Louisiana Guard aviation units welcome new commanders

By Sgt. Garrett L. Dipuma, Louisiana National Guard Public Affairs Office

NEW ORLEANS – The Louisiana National Guard’s State Aviation Command and 204th Theater Airfield Operations Group welcomed new commanders during two official change of command ceremonies at Army Aviation Facility #1 in Hammond, July 9.

Col. John Plunkett took command of the SAC and Lt. Col. John Bonnette took command of the 204th. Both organizations were previously headed by Brig. Gen. Patrick Bossetta, who was pinned with the one-star rank upon relinquishing both commands.

Plunkett, a New Orleans native, enlisted in the U.S. Marine Corps in 1983 where he served as a helicopter repairer. He joined the LANG in 1987 and commissioned as a warrant officer in 1989. In 1998, he commissioned as an aviation officer in the Medical Service Corps.

“I’d like to thank General Curtis for giving me the opportunity to command such a great organization,” said Plunkett. “We’ll continue to be vital to our nation’s overall welfare and security.”

Plunkett has deployed with the LANG twice in support of Operation Iraqi Freedom and once in support of Operation Enduring Freedom. He has also supported several state emergency responses, most notably Hurricanes Katrina, Andrew and Isaac, the Deepwater Horizon Oil Spill and the major floods in 2015 and 2016. To date, Plunkett has logged over 2,900 flight hours and over 500 combat flight hours.

He has a Bachelor of Science in physical therapy from Louisiana State University. He also holds two master’s degrees from the University of New Orleans and the U.S. Army War College in education and strategic studies.

Plunkett’s awards include the Bronze Star Medal (2), the Meritorious Service Medal (2), the Air Medal (2), the Army Commendation Medal (3), the Army Achievement Medal, the Meritorious Unit Commendation, the Good Conduct Medal, the Army Reserve Components Achievement Medal (7), the National Defense Service Medal (2), the Global War on Terrorism Expeditionary Medal, the Global War on Terrorism Service Medal, the Armed Forces Service Medal, the Humanitarian Service Medal, the Iraqi Campaign Medal with one campaign star, the Army Service Ribbon, the Overseas Service Ribbon (3), the Army Reserve Component Overseas Training Ribbon, the Armed Forces Reserve Medal with M Device (4), the Combat Action Badge and the Master Aviator Badge.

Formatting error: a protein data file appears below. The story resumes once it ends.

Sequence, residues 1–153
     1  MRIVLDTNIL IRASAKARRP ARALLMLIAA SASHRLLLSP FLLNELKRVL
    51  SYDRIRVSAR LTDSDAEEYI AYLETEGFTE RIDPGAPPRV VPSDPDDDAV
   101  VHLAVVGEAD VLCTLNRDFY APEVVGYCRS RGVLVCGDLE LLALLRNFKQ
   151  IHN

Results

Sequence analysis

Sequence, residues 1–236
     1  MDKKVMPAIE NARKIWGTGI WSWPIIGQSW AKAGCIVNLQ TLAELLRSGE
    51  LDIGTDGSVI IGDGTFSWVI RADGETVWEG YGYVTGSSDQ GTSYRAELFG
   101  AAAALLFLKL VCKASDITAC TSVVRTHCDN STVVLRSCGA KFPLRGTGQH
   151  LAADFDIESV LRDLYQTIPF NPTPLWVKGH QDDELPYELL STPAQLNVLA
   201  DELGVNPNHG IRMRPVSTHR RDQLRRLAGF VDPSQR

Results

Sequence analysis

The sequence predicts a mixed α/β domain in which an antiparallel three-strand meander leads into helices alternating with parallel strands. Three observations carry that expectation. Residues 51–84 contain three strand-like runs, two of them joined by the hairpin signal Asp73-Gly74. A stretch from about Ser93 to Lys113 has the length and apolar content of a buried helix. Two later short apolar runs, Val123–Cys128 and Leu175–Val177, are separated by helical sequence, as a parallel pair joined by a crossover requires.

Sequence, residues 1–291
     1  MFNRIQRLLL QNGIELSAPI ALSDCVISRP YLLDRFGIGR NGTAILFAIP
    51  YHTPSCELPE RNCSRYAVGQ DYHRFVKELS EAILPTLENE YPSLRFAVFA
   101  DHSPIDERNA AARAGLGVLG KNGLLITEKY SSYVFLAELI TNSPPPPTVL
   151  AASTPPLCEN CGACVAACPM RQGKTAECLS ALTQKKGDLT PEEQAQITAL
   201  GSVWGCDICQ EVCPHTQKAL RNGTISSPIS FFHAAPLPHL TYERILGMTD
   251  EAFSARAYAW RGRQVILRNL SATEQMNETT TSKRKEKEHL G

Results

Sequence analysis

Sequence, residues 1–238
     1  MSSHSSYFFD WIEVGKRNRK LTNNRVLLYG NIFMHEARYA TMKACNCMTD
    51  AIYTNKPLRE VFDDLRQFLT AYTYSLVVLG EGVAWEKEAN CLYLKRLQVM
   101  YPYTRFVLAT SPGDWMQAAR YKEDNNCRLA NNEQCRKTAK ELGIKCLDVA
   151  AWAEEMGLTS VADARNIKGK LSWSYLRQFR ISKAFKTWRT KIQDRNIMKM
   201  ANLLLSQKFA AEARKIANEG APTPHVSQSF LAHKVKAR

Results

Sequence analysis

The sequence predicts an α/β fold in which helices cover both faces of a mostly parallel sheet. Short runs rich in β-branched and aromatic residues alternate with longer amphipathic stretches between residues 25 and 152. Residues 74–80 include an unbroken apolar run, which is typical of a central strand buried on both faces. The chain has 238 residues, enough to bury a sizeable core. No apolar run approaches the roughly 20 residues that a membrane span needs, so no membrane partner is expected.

Bonnette began the Reserve Officers Training Corps while attending the University of Mississippi. He commissioned in 1995 as an active duty Corps of Engineers branch officer. He holds a Bachelor of Science in mechanical engineering from the University of Mississippi and a master’s degree in business administration from Clemson University.

“There is no greater privilege in an officer’s career than that of command,” said Bonnette. “To the Soldiers, non-commissioned officers and officers of the 204th Theater Airfield Operations Group and all the units within this command, I know firsthand that there is no better organization that I could be part of.”

Bonnette joined the LANG in 2004 and has been a part of several state emergency responses, most notably Hurricanes Katrina, Rita, Gustave and Ike, the Deepwater Horizon oil spill, and the major floods in 2015 and 2016. He has also deployed twice with the LANG in support of Operation Iraqi Freedom, Operation New Dawn and Operation Enduring Freedom. To date, Bonnette has logged over 2500 flight hours and more than 350 combat flight hours.

Bonnette’s awards include the Bronze Star Medal, the Air Medal, the Meritorious Service Medal (3), the Army Commendation Medal (8), the Army Achievement Medal (3), the Humanitarian Service Medal, the Global War on Terrorism Service Medal, the Global War on Terrorism Expeditionary Medal, the National Defense Service Medal, the Armed Forces Reserve Medal (2nd Award with M Device), the Iraqi Campaign Medal, the Combat Action Badge, the Senior Army Aviator Badge, the Army Parachutist Badge and the Army Air Assault Badge.

The 204th is one of only two units of its kind in the entire U.S. Army. Their federal mission is to provide command and control, staff planning, supervision and standardization of all Army airfields and air traffic services in theater with them.

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